WASHINGTON -- U.S. special forces and the CIA are preparing to move against al-Qaida elements believed hiding in the region around the Horn of Africa, possibly sending troops to capture fighters in Osama bin Laden's ancestral homeland of Yemen, officials said Wednesday.
Eight hundred U.S. special forces have been moved to Djibouti, the tiny African nation facing Yemen, defense officials said.
The amphibious assault ship Bellieu Wood also is sailing in waters between Yemen and Africa and could be used as a platform for troops throughout the region, one official said.
The deployments are aimed at positioning people and equipment for any mission in the region, the U.S. Central Command said.
Officials declined to say whether an operation in Yemen or elsewhere in the region was imminent.
The Associated Press reported over the weekend that the Bush administration was working to step up anti-terror efforts in Yemen, believed a longtime base for some suspected al-Qaida and a sanctuary for others who fled the war in Afghanistan. It also was in Yemen that 17 American sailors were killed when the USS Cole was bombed as it refueled in 2000 in the port of Aden.
The CIA, which has its own paramilitary units, is in charge of the possible mission in Yemen, officials said. But a Pentagon team has been in the Middle Eastern country, also planning ways to help the Yemeni government go after suspected terrorists.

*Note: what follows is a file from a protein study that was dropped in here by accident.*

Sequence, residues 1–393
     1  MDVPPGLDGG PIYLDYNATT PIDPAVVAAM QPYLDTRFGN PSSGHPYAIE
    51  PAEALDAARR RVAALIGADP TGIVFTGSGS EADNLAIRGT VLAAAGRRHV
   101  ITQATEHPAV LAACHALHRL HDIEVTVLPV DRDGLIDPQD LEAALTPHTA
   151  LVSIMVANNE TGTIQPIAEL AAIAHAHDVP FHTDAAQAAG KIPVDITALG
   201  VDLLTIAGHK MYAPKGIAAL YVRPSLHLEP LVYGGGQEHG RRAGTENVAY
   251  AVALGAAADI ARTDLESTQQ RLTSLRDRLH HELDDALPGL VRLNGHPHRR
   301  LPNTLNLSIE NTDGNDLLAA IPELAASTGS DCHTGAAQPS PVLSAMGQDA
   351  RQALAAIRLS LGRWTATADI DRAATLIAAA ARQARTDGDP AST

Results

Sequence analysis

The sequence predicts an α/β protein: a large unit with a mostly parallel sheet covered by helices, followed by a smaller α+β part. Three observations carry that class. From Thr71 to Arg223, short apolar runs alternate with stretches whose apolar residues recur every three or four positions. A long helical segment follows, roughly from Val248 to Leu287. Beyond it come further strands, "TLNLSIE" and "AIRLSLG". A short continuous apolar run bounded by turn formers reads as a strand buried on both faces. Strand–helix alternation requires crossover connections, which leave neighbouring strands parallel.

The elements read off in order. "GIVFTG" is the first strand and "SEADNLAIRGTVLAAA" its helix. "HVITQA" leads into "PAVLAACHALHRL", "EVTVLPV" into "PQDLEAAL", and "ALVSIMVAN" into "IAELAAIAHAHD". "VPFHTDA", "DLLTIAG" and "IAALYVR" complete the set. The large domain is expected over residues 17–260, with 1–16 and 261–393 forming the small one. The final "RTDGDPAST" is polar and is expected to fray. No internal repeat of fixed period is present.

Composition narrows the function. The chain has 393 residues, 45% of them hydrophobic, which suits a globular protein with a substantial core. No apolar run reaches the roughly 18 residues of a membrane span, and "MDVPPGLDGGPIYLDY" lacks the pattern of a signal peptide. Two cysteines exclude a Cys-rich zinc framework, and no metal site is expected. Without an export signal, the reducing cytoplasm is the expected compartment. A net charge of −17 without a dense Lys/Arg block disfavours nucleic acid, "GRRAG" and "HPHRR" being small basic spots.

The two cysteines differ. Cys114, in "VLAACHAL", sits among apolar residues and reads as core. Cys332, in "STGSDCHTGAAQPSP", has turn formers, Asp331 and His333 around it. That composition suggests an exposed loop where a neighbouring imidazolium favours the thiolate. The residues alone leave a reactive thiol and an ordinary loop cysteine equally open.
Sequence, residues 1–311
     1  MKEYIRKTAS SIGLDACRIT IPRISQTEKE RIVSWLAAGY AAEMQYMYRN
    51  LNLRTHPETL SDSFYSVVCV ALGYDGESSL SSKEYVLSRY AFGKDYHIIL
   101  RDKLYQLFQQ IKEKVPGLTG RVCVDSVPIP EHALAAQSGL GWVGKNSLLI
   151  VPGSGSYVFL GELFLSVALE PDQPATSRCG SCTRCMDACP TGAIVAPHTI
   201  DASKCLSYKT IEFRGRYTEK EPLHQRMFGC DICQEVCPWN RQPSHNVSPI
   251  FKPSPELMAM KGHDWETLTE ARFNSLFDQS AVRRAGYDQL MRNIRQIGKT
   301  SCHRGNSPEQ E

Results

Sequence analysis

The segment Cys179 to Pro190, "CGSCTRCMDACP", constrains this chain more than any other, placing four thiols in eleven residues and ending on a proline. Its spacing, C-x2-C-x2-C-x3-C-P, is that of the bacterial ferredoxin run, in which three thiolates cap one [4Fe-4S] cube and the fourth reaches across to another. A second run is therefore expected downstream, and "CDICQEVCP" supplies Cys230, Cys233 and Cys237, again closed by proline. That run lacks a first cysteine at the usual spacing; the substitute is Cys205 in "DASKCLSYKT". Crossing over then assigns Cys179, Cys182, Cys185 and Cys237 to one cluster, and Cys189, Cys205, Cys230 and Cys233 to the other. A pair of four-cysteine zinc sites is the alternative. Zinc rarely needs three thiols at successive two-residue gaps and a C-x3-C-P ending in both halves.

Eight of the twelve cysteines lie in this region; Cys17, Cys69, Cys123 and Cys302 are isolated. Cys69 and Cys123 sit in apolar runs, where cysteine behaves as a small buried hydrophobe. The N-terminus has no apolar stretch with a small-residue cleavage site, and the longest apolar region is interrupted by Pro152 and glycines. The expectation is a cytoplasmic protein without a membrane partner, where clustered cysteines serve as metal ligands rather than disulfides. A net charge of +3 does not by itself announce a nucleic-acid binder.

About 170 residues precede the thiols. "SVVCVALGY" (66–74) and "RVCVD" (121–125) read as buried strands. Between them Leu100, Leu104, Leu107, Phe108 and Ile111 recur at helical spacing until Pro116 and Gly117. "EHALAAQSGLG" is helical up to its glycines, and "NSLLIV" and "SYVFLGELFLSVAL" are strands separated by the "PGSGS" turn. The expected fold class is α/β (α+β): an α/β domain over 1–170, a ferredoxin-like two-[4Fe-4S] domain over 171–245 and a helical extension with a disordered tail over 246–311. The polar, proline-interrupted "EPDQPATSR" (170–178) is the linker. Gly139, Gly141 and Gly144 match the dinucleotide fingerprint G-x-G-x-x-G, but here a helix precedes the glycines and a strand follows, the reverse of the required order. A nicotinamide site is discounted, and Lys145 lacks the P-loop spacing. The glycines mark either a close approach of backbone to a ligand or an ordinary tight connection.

It was unclear whether the Yemenis would agree to the use of U.S. forces in their country, where anti-American Muslim militants have staged a number of bombings to try to derail the war on terror and militias in remote tribal areas challenge central authority.
But forces at the ready in Djibouti include the secret Delta group that specializes in hunting and snatching suspects from other country's territory, ABC News reported Tuesday night.
Secretary of Defense Donald H. Rumsfeld in the summer asked commanders to look at ways to push the hunt for al-Qaida beyond Afghanistan, possibly through greater use of special forces commandos.
Special forces played a lead role in the war in Afghanistan and were sent to Pakistan to help find al-Qaida figures who fled over the border. Rumsfeld is considering giving the Special Operation Command expanded control and responsibilities in the global war on terror.
In Yemen, little visible progress against terrorists has been made in recent months although the CIA has offered intelligence. The FBI turned over a list in February of al-Qaida network suspects believed in Yemen and U.S. special forces trained a small group of local forces in counterterror tactics this summer.
On the southern Arabian Peninsula and across the Gulf of Aden and Red Sea from Africa, the homeland of bin Laden's father long has been a base of and transit point for terrorists.
Yemen's importance as a terrorist haven was illustrated last week, when Pakistani authorities said they had captured 10 alleged members of al-Qaida, at least eight of them Yemenis.
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